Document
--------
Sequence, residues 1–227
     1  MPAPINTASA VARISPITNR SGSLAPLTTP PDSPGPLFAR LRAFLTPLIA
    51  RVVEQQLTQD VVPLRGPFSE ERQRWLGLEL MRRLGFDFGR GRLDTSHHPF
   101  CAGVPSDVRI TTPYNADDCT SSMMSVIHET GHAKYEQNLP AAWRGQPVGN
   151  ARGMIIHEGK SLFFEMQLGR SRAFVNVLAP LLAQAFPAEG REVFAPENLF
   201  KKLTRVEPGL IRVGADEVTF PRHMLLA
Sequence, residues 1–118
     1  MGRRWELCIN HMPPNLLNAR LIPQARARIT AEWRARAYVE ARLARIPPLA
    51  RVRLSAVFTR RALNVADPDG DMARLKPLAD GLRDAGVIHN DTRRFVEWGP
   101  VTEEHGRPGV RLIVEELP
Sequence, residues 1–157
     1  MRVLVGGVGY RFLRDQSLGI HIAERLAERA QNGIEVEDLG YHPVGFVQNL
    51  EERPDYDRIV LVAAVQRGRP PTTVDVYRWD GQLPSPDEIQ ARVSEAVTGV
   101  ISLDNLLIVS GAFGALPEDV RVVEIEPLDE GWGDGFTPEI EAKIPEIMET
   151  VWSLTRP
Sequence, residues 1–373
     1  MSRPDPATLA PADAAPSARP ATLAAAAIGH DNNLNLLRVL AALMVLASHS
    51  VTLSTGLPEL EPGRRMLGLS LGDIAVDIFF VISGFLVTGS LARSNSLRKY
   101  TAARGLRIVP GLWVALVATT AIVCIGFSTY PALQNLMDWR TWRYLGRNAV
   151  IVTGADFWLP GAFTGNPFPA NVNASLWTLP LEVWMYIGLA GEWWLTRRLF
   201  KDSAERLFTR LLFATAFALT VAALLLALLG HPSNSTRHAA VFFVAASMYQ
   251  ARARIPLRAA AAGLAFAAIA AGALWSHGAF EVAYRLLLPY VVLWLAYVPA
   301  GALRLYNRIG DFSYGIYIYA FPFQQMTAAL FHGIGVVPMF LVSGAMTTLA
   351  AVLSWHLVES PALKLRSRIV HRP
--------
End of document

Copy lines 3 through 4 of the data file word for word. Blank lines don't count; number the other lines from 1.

    51  RVVEQQLTQD VVPLRGPFSE ERQRWLGLEL MRRLGFDFGR GRLDTSHHPF
   101  CAGVPSDVRI TTPYNADDCT SSMMSVIHET GHAKYEQNLP AAWRGQPVGN